Instead, the sky fell as AEW booked him against some of the weakest opponents on its roster and sapped some of his momentum by booking him against Orange Cassidy, whose character at the time was still seen as largely a comedy act. Things didn’t approve and despite three runs with the TNT Championship, Wardlow hasn’t progressed any further than when he defeated MJF at 2022’s Double or Nothing after delivering ten consecutive powerbombs to his former boss. Thankfully, AEW has realized its mistake and is trying to rebuild him into a monster. However, will this be enough for Wardlow to stay with AEW when his contract expires?

Lance Archer

Lance Archer (aka “The Murderhawk Monster”) is a veteran grappler with the build, moveset, and exotic look to instill nightmares. AEW wisely paired him with Jake “The Snake” Roberts as his manager, creating the perfect heel opponent for AEW’s Cody Rhodes. When AEW launched its tournament for the TNT Championship, it was obvious Archer would make it to the finals as he crushed one opponent after the other.

A championship win also seemed likely when Archer faced Cody Rhodes in the finals, as Rhodes couldn’t seem to string any kind of offense. Having Archer steamroll Rhodes in the finals to win the title would have made Archer as a top guy while also creating a good program with “The American Nightmare” chasing for the belt. Instead, Rhodes beat Archer in what could only be considered a fluke win, and “The Murderhawk Monster’s” AEW career has been an afterthought, with Archer used to put over much smaller men.

Big Bill

Big Bill (aka former WWE Superstar Big Cass) is a talent that AEW gave a chance to prove that he’d conquered his personal demons. In AEW, Big Bill showed that his previous run in Ring of Honor (where he stayed clean and performed well) was evidence that he’d turned the corner. Once that happened, AEW should have pushed him. Instead, AEW turned him into the go-to job guy to show how smaller opponents can beat anyone under the right (albeit often reality-defying) circumstances.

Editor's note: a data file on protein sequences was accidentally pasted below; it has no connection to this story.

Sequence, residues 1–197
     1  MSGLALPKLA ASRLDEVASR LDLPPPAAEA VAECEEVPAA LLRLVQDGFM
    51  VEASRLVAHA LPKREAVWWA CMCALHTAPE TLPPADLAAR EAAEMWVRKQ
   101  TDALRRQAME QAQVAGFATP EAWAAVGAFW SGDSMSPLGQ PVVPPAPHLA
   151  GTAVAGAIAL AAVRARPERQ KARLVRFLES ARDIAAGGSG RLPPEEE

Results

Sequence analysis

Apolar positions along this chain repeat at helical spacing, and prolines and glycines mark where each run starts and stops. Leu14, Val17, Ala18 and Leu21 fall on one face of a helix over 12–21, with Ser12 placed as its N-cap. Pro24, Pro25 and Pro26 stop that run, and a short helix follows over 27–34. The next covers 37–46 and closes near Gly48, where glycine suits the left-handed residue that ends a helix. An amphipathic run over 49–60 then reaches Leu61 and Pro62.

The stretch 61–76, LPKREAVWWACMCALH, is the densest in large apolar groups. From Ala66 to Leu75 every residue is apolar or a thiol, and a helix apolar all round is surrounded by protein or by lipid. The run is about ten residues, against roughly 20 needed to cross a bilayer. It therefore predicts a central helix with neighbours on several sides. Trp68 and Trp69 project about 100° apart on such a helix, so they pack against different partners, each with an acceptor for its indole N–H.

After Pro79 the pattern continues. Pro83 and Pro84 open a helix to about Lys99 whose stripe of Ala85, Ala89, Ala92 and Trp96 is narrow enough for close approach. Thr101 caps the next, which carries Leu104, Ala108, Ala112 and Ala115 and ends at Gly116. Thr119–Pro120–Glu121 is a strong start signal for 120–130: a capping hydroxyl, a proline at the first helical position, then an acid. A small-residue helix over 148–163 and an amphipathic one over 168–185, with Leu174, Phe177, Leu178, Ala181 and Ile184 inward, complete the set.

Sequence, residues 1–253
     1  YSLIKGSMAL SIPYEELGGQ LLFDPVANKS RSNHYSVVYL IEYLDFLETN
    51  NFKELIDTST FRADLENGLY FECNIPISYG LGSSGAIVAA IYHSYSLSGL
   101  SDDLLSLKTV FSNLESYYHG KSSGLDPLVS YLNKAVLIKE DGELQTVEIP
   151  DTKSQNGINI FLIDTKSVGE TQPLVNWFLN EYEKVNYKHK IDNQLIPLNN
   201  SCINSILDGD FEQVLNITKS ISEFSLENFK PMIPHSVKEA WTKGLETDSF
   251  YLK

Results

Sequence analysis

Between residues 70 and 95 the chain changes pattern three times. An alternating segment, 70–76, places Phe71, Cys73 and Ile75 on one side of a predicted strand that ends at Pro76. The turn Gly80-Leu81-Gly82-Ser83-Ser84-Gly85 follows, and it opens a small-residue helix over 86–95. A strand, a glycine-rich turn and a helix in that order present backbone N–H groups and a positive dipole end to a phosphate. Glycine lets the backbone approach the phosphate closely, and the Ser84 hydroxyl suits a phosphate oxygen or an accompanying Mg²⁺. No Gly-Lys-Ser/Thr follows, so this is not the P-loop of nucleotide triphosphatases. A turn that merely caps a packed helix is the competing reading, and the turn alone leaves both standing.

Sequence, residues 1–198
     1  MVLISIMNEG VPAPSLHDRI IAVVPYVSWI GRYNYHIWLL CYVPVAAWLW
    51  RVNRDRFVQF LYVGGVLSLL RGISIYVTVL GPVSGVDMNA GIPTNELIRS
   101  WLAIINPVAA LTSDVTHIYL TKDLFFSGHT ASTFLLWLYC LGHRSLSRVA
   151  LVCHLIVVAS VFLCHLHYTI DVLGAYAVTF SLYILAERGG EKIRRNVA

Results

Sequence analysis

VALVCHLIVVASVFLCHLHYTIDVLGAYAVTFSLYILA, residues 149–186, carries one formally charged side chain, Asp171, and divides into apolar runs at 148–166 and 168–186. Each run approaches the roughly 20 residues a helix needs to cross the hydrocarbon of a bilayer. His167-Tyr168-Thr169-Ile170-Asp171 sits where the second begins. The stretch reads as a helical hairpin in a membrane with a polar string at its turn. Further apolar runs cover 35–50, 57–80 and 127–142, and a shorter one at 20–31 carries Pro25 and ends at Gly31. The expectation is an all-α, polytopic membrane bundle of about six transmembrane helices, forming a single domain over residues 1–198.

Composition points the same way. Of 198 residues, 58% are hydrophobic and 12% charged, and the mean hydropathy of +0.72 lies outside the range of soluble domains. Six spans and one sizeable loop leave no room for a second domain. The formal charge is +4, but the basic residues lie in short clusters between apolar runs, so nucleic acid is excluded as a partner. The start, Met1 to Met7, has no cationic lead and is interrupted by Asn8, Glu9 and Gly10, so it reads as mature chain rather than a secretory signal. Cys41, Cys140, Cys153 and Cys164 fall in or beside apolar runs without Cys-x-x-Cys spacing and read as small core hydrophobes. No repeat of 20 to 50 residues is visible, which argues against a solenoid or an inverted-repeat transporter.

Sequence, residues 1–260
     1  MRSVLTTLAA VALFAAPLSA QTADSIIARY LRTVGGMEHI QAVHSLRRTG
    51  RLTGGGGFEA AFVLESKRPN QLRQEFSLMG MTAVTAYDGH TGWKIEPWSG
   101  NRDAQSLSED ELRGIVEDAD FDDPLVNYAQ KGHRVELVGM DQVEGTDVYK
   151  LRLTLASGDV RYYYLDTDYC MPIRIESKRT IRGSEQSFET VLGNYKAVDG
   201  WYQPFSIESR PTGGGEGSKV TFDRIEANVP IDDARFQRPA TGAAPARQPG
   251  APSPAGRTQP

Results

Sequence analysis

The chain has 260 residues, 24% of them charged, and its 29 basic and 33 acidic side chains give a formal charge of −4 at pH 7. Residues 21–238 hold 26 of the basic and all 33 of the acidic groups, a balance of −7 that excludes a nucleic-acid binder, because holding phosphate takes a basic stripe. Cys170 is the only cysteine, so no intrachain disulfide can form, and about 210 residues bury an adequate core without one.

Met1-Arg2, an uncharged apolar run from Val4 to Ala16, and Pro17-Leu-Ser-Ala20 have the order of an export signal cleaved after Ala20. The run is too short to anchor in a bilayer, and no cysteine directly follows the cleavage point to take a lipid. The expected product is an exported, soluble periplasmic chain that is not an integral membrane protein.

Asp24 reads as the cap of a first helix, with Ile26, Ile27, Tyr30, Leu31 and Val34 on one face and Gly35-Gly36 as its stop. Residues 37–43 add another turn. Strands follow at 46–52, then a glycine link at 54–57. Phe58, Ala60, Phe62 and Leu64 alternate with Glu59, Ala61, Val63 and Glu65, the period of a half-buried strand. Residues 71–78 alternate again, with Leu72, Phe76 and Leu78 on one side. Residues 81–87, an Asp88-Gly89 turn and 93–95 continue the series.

Signs of Improvement

While AEW’s booking of its big men has been atrocious, the last few weeks have offered some significant progress. Wardlow is back to destroying opponents and he’s setting his sights on MJF’s AEW World Heavyweight Championship. Big Bill just captured the AEW World Tag Team Championship with Ricky Starks, a pleasant surprise as the former Big Cass has shown his talent for tag team wrestling.

AEW has a fantastic roster and it’s time to utilize its big men better. When fans see a 170-pound-soaking weight Darby Allin pin wrestlers such as Big Bill or Lance Archer, it stretches credibility. It’s almost as if AEW is trying to show that it doesn’t book its smaller wrestlers as the WWE often did with its cruiserweights—using them as cannon fodder for big men like Brock Lesnar, Mark Henry, The Big Show, and others.

There are plenty of big men in AEW that the promotion can book against each other. It’s also possible to put them in tag matches where smaller opponents who are tag team specialists can get a win thanks to precision teamwork (although it shouldn’t be a regular occurrence).

How do you think AEW is doing with its booking of its big men?